There are, the athletic trainer at Florida State likes to joke, two types of “in shape.” There’s in shape for normal people and athletes playing sports on normal surfaces like grass and wood.

And then there’s beach shape.

“It’s a different thing,” Seminoles coach Brooke Niles said, and she has the information to prove it.

She gets this information from a wearable called the Whoop band, a device that looks and feels like a watch, and is about the same size as one, which all of her athletes wear. It tracks a variety of measurements in the body, primarily heart rate; sleep, and its various stages of R.E.M., deep, light, and awake; and heart rate variability to assess how much strain an athlete puts on his or her body that day, and how recovered the athlete is to do it again the next.

“It helps me understand the girls differently,” Niles said. “I’m old school: You just push through everything. My coaches just killed me when I was in college. Sometimes as a coach you can look at a player and they’re doing the same exact thing as another player but they’re maybe a little slower or it looks like they’re dogging it when they’re doing a conditioning thing, but it’s not that they’re not trying, it’s just that they react differently to the same workout that somebody else is doing. It’s helped me understand that and I look at things a little more scientifically now rather than trusting my instinct.”

The result? Florida State is one of the healthiest teams in the nation, and a perennial power in the East. As is the Seminoles’ soccer team. That’s where the idea for the Whoop came from. In 2018, Florida State’s women won a national championship, and coach Mark Krikorian shared with other coaches at the school that his team hadn’t had an ACL tear in seven years, “and that was something with soccer. You get those all the time,” Niles said. “That struck home with me.”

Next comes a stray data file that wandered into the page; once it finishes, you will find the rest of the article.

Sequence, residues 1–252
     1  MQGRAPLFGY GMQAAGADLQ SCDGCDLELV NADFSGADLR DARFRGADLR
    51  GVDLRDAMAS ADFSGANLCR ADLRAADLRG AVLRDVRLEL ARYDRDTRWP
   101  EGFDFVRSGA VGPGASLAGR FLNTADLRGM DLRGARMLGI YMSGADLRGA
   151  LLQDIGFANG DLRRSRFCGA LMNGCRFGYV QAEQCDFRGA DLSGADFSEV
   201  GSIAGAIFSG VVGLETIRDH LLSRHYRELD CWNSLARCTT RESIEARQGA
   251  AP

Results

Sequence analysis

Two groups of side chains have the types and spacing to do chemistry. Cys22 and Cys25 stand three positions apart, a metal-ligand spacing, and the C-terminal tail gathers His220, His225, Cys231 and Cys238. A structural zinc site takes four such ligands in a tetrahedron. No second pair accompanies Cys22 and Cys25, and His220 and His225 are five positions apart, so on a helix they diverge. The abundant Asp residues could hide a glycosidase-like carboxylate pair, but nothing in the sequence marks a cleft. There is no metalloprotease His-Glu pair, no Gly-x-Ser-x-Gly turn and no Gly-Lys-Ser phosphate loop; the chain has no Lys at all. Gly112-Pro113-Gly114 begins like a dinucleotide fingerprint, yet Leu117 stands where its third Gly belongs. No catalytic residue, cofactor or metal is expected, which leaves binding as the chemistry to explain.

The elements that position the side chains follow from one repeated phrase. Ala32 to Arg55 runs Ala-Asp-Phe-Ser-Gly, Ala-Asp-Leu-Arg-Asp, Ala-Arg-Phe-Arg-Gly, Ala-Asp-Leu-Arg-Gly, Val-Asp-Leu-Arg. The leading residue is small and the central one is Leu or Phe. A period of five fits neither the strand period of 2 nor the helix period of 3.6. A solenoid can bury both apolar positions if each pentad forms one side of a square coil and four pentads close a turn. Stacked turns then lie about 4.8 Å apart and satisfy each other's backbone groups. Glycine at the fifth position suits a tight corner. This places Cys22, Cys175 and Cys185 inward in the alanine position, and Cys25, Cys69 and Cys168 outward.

That season, Niles, like Krikorian, had all of her players wear the Whoop, using the data to determine how hard to push each of her athletes in practice, when to sit certain players, how to adjust to sleeping schedules to West Coast trips.

“It takes a second to buy into it because it’s just like ‘Is this actually how I feel?’” said Alaina Chacon, a junior from Crown Point, Indiana, who went 27-15 in 2019. “I’m the kind of person that — I’ve never had good sleep, and if I’ve never had good sleep then how can I play so well? But when I try to sleep better, I definitely do play better. I see it more in a cognitive state. I’m in a better mood, so it’s not so much athletic for me sometimes. It’s definitely more like mood and all that stuff.

“I really like it. I like to see how hard I’m working and that’s definitely the thing I use it for because I’ve never been a good sleeper. I like to see how hard I’m pushing myself or if I need to push myself more or if I need the coaches to push me more.”

It’s not a perfect science, but the metrics are largely reliable indicators.

“A bunch of freshman got sick in the fall, and they were like ‘Oh, wow, this is what I have to do. We can’t burn the candle on both ends,’” Niles said. “It’s just a learning tool, and our sport, you have to be accountable for yourself.”

Niles and the Noles are now in their third season using the Whoop, and both Niles and her athletes are becoming more accustomed to the metrics and what they mean. She no longer sits athletes who have a recovery score “in the red,” which is anything below a 40-percent recovery. She allows them in light drills, where they can still stay sharp but not put themselves at risk. She doesn’t allow athletes to see their recovery scores on match days so they don’t psych themselves out. But it is no coincidence that the Seminoles are rarely, if ever, injured. That they almost always have the full lineup which is, again, loaded.

Florida State is returning seven starters, including Madison Fitzpatrick, a hometown junior from Tallahassee, and Chacon, as well as Jenna Johnson (a soohomore from Stuart, Florida), Kate Privett (a sophomore from Grapevine, Texas), Molly McBain (a senior from Toronto), indoors standout Payton Caffrey (a 6-foot senior from Chuluota, Florida) and Sara Putt (a senior from Jupiter, Florida).

“This is Brooke’s first full recruiting class that she’s recruited by herself so I think it’s a lot that she’s recruiting a lot of similar characteristics so we all are very, very similar on and off the court,” Chacon said.

“I think she searches for a super competitive athlete and I think that has something to do with it where we are all on the same page. We all ask ourselves why this year feels so different but I think it’s about this team being entirely what Brooke had in mind when she was thinking who’s going to win a national championship and create the best team.”


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